Text-mining access sounds like a pretty niche need. It isn’t. One of the use cases is near and dear to readers of this blog.
You know all of our excitement about research data? Making it available, making it citable, rewarding the data-producing investigators? It only works if we can indeed identify the research that is built on a dataset and then include the reuse stats in CVs and reports and webpages. What tools can we use for this today?
Google Scholar: nope. They’ve said that if they support tracking datasets today it is by accident and they plan to remove such support in the future. Futhermore Google Scholar offers no API access to its data (and has said it will not offer such access for years, if ever), so any numbers you calculate with it today can only be viewed on the Google website or through manual copy-and-paste into reports.
total-impact and altmetric.com: a few altmetrics tools are actively building support for tracking dataset reuse.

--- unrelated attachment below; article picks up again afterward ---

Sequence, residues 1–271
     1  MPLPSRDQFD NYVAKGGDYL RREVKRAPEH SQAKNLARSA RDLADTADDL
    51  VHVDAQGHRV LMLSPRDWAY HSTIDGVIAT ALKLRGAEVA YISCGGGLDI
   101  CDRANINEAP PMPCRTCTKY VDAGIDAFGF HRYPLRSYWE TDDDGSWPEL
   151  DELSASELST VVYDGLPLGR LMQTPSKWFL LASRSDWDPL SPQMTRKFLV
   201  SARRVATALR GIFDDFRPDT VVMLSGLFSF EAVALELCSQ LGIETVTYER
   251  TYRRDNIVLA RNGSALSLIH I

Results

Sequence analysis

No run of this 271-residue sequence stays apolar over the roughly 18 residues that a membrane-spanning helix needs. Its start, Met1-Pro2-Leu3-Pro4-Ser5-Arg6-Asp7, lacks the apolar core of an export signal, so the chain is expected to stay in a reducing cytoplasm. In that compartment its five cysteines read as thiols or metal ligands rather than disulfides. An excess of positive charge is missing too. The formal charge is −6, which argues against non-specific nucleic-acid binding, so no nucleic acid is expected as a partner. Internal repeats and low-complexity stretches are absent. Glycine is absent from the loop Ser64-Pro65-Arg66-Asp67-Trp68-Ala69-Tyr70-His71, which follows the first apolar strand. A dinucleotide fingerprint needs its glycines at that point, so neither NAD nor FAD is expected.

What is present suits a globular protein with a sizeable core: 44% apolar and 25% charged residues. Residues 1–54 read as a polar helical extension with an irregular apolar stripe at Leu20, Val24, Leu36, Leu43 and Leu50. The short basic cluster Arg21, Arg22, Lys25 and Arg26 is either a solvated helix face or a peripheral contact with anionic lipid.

You know what these altmetrics tools — or any new tool that we hope will solve this problem — needs to be successful? Programmatic access to the literature. Need to be able to search across all papers for dataset identifiers and find them in full text and reference lists. Furthermore, ideally we need to be able to do more advanced text analysis to distinguish between whether an ID is mentioned because the paper is talking about having *gotten* the data from somewhere as opposed to having *put* it somewhere.
Anyway. This? This is text mining. This is just one of the reasons we all need text-mining access, we need it to everything, and we need it now.
Get the ball rolling at your institution too.
This article is translated to Serbo-Croatian by Jovana Milutinovich from Webhostinggeeks.com